The defendant's account of the events of November 1 provide no support for a voluntary intoxication defense. He was able to describe the crime and events surrounding the crime clearly and in detail. He remembered the names and one of the addresses of the individuals from whom the gun and bullets were obtained. He remembered who carried and loaded the gun and was able to describe its appearance and operation. He was able to formulate or at least understand the device of entering the gas station under the pretense of asking for change. He was lucid enough to conceal the gun in the waistband of his trousers under his shirt.
Once inside the station he was able to carry the preconceived plan into execution. According to his own testimony: "I went in the station, and I handed the attendant five dollars, and he turned around and handed me five singles, and then I asked him for another — a dollar's worth of change, and when he was turning around to give me the change, I shot him once and he fell." He was able to describe Lewandowski's movements in getting the change and when he was shot. He remembered seeing blood on the victim's arm after firing the first shot and then firing three more shots. He remembered the three places in the office where he found money, that the money in the desk was in bands of twenty-five ones, and recalled from which of the victim's pockets he took money. Clearly the defendant's account of his actions provides no evidence of impairment sufficient to negate the existence of an intent to kill.
The dissenting opinion in the court of appeals discounted the evidence of the defendant's condition based on his clear recollection of the incident because much of the examination of the defendant was by leading questions to which the defendant answered with a simple assent or disagreement. This is partly, but as the quoted passage demonstrates, not wholly valid. Moreover, this argument overlooks the fact that the information on which those leading questions were based came from the defendant in the first instance through his statement to the police.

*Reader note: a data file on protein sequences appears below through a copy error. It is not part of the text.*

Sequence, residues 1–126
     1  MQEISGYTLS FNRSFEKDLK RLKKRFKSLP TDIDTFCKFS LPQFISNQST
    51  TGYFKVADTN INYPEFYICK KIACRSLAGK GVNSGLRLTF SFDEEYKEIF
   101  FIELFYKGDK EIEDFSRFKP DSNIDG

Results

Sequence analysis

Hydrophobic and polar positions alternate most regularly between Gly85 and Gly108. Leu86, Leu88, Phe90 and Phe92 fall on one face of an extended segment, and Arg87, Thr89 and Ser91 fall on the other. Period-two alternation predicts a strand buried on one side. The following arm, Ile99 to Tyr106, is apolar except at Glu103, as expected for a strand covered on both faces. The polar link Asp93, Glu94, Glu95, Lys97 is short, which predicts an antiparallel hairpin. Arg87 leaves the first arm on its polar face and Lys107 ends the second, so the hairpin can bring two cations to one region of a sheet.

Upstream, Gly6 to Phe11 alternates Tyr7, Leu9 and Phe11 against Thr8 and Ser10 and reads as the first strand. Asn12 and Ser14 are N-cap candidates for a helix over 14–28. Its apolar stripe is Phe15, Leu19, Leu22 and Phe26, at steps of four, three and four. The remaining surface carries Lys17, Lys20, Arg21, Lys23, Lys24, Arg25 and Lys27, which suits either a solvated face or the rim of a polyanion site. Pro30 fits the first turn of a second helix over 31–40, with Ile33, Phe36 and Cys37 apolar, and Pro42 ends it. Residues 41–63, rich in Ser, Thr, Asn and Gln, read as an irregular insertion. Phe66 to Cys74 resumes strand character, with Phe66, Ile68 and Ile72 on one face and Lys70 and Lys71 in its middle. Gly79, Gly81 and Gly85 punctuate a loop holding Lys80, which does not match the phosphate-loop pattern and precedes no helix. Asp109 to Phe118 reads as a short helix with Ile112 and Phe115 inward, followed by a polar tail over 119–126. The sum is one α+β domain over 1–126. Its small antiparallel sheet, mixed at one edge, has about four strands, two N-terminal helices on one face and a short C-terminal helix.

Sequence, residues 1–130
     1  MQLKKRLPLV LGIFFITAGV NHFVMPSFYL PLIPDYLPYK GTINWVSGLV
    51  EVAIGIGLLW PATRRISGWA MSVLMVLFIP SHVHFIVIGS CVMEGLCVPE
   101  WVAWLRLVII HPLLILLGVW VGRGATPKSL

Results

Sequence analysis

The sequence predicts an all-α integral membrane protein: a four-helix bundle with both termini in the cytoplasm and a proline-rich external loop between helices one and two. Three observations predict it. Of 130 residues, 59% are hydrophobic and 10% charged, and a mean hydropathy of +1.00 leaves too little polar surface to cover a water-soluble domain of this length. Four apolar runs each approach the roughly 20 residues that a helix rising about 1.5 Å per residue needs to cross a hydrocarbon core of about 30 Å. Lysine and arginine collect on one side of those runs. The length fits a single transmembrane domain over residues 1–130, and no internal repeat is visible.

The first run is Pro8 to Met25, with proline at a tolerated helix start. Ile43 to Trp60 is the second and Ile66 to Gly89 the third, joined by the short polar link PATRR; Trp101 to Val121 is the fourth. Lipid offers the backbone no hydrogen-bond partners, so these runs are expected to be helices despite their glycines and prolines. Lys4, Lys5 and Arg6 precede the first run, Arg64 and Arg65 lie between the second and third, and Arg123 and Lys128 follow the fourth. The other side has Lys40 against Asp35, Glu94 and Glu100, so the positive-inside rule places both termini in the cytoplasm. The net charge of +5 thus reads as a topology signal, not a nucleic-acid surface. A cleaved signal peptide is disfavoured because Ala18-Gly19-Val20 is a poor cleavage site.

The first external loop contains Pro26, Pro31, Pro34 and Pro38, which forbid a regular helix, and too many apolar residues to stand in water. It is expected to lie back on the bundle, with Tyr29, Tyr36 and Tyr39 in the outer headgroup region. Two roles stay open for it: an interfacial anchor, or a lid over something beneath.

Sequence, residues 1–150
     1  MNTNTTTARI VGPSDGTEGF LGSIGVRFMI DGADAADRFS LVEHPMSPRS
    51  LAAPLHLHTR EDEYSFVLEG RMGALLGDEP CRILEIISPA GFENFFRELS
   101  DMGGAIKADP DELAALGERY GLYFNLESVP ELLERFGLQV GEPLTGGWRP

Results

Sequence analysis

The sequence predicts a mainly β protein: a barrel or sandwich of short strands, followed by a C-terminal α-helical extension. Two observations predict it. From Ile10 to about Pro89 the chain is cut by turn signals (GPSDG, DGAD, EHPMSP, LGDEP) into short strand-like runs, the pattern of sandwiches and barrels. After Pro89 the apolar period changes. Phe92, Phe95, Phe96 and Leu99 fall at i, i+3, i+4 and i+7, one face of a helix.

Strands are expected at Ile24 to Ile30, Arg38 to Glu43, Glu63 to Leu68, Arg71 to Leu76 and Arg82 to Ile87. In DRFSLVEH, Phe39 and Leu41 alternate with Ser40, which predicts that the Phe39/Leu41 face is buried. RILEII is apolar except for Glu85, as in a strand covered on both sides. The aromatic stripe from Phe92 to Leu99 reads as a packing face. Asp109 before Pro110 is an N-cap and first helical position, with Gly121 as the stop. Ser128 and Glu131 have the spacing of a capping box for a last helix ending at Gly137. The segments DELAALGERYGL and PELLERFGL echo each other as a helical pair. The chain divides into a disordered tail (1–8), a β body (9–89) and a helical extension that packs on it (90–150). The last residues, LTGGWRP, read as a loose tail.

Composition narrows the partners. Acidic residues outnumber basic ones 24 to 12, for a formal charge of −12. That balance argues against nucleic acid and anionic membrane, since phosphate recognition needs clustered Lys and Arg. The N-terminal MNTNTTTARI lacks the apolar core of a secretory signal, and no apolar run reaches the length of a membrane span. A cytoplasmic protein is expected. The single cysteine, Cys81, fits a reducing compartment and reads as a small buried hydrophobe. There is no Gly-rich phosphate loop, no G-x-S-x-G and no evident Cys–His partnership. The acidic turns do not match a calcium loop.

A number of courts from other jurisdictions have upheld denials of intoxication instructions when there was evidence that the defendant was drinking or drunk but no evidence that his ability to think or plan was affected thereby. In People v. Proper, 68 Ill. App.3d 250, 385 N.E.2d 882 (1979), the Appellate Court of Illinois rejected a challenge to the defendant's murder conviction based on the trial court's refusal to instruct the jury on voluntary intoxication. The court stated that "in order to raise voluntary intoxication as a defense . . . the accused must show that the intoxication was so extreme as to suspend entirely the power of reason." 68 Ill. App.3d at 254, 358 N.E.2d at 885. (Citations omitted.) In holding that the evidence presented at trial did not come up to that standard, the court said:
"The only evidence supporting an intoxication defense is defendant's own proclamations that he consumed close to a case of beer and `guessed' that he was drunk. This testimony was contradicted, however, by defendant's prior written statement to the police that he had 12 beers during his entire visit to the Fisher residence. In addition, the transparency of defendant's defense becomes apparent when one considers defendant's coherent and detailed recollection of the events immediately prior to the shooting." 68 Ill. App.3d at 254, 358 N.E.2d at 885.
In State v. Payton, 229 Kan. 106, 622 P.2d 651 (1981), the Supreme Court of Kansas ruled on the trial court's refusal to give a voluntary intoxication instruction. The defendant had testified that he had consumed large quantities of alcohol and was "completely intoxicated." However, his confession and testimony "disclosed [his] mental capacity was not significantly impaired." 229 Kan. at 113, 622 P.2d at 657. The court stated:
"When conflicting facts are presented on the issue of voluntary intoxication, the question is usually for the jury. . . . In State v. Wright, 221 Kan. 132, 138-139, 557 P.2d 1267 (1976), this court reviewed a defendant's evidence of drinking, but stated the `[d]efendant's own testimony negates any possibility that he was intoxicated to the extent that he was incapable of forming an intent to injure.' . . . After examining the record in the instant case, we are satisfied the trial court did not err in refusing to instruct on voluntary intoxication. The evidence did not show the appellant was intoxicated to the extent that his ability to form the requisite intent was impaired." 229 Kan. at 114, 622 P.2d at 657. (Citations omitted.)